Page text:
Navy’s Newest Aviation Carrier named after African American Hero Doris Miller


Doris Miller, African-American hero of World War II


During a ceremony in Pearl Harbor, Hawaii, on January 20, acting Navy Secretary Thomas B. Modly announced that a future Gerald R. Ford-class aircraft carrier will be named in memory of World War II hero Third Class Doris Miller. 

This will be the second ship named in Miller’s honor, and the first ever aircraft carrier named for an African American. This will also be the first aircraft carrier to be named for the actions while serving in the enlisted ranks of a Sailor.

Mess Attendant 2nd Class Doris Miller stands at attention.(U.S. Navy photo/Released)


Mess Attendant Second Class Doris Miller was doing laundry when the first bombs hit his ship at Pearl Harbor. Miller made his way to the main deck where he found his wounded captain and moved him to relative safety. 

He then ran to an unattended deck gun and shot at the aircraft attacking until he was forced to leave the ship. It was Miller’s first time firing such a weapon, because the gunnery training earned by white sailors was not provided to black sailors serving in the navy’s segregated steward’s division. Miller’s conduct during the assault earned him a commendation from the Navy Secretary Frank Knox and the Navy Cross, which was personally given to him by U.S. Commander Adm. Chester Nimitz.

While news stories gave Miller credit for shooting down from two to five aircraft, those claims were never confirmed. Miller himself told Navy officials he thought he struck one of the jets. Navy officials conferred on Miller the Navy Cross at a ceremony on May 27, 1942, in Pearl Harbor.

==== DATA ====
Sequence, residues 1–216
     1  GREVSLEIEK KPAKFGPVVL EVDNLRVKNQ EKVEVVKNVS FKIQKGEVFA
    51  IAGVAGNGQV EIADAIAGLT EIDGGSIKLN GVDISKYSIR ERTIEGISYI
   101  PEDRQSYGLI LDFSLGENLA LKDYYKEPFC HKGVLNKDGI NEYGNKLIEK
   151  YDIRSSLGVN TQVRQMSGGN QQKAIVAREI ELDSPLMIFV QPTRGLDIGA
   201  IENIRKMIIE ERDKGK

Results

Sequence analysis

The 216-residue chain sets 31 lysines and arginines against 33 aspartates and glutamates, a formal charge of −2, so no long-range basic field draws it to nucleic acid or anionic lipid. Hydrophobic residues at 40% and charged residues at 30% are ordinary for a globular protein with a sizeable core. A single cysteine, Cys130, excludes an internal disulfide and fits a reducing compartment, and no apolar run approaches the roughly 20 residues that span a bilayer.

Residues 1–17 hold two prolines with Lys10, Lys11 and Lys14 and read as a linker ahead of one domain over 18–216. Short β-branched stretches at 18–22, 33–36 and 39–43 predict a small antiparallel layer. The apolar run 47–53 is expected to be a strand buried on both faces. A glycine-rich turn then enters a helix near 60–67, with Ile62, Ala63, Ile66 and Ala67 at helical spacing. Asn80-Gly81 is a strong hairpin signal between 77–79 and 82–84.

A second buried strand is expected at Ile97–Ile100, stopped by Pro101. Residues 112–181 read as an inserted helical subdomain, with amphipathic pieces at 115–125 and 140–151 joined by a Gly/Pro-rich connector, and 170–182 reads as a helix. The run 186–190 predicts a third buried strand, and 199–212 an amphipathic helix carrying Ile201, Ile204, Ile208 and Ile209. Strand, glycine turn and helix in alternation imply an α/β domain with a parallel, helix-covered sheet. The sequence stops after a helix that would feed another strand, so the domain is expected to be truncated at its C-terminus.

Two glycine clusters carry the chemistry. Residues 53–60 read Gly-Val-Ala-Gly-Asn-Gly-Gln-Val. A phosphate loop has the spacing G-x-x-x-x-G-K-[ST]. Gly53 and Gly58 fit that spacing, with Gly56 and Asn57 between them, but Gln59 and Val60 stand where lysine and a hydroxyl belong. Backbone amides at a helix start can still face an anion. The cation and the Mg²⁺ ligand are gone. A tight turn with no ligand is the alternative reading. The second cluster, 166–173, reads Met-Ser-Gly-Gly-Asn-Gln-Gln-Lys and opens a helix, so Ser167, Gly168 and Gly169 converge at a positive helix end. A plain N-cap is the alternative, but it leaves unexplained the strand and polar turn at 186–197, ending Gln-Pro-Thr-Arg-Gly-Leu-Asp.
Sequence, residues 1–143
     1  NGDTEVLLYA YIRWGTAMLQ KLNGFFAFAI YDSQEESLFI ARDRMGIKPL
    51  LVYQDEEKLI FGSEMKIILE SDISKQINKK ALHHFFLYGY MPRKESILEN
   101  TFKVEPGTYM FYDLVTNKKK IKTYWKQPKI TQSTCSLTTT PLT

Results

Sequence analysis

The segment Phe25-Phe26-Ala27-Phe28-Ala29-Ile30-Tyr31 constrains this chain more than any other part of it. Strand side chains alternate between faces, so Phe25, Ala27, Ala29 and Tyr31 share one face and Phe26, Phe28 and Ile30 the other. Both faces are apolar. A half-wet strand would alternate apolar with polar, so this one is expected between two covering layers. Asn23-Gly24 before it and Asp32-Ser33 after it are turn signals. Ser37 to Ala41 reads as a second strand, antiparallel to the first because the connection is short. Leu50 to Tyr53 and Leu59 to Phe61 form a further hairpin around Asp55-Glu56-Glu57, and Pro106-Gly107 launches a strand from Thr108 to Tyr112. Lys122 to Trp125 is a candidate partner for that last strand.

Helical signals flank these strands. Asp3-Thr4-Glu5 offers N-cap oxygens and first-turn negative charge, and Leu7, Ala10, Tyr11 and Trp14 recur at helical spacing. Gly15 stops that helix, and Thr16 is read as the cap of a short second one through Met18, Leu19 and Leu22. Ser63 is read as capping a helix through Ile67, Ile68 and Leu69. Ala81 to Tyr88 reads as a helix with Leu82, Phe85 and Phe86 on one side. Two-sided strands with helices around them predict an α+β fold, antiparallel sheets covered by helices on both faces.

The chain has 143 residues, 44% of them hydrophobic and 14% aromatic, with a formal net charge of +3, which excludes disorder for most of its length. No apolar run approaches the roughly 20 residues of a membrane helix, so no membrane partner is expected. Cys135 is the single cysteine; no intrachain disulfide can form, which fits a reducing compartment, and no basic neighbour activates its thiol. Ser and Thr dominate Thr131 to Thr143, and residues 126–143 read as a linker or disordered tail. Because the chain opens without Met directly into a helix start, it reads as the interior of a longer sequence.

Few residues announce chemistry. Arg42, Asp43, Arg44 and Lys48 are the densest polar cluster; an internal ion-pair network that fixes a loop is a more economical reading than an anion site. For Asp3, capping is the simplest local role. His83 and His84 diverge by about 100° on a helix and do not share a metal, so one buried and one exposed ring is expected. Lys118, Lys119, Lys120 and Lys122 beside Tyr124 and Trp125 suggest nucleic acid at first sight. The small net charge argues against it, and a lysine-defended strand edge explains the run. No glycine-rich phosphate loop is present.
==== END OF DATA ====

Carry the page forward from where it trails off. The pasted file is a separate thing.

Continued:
Here’s a Knowledge Bomb: Miller picked up a antiaircraft machine gun on which he had never been trained and managed to shoot down enemy forces! Miller had become the first black sailor to receive the Navy Cross for his heroism. He became a positive symbol for black people and their struggles in the Armed Forces at the time. The US military at the time had been largely segregated on racial grounds. 

Adm. Chester Nimitz awards the Navy Cross medal to Mess Attendant 2nd Class Doris Miller for his actions aboard the battleship USS West Virginia (BB-48) during the Dec. 7, 1941 Japanese attack on Pearl Harbor.

On November 24,1943, Miller reported for duty aboard the aircraft carrier Liscome Bay, his ship was torpedoed and sunk into the Pacific Ocean during the Gilbert Islands War. He was promoted to cook, third class, at that time, and was probably working in the ship’s galley. While conferring the Navy Cross on him, the navy honored Doris Miller by assigning him a dining hall, a barracks, and a destroyer escort.

The USS Miller is the third naval ship whose namesake was a black navy man.

 In Waco his name bears a branch of the YMCA, a park, and a cemetery. Elementary schools have been named for him in Houston, Texas, and in Philadelphia, Pennsylvania, also named is a Foreign War Veterans chapter in Los Angeles. A Huston-Tillotson College campus auditorium in Austin is dedicated to his memory as well . In Chicago, the Doris Miller Foundation recognizes people who contribute significantly to racial understanding.

Doris Miller is a shining example of true heroism and he is an inspiration to many.

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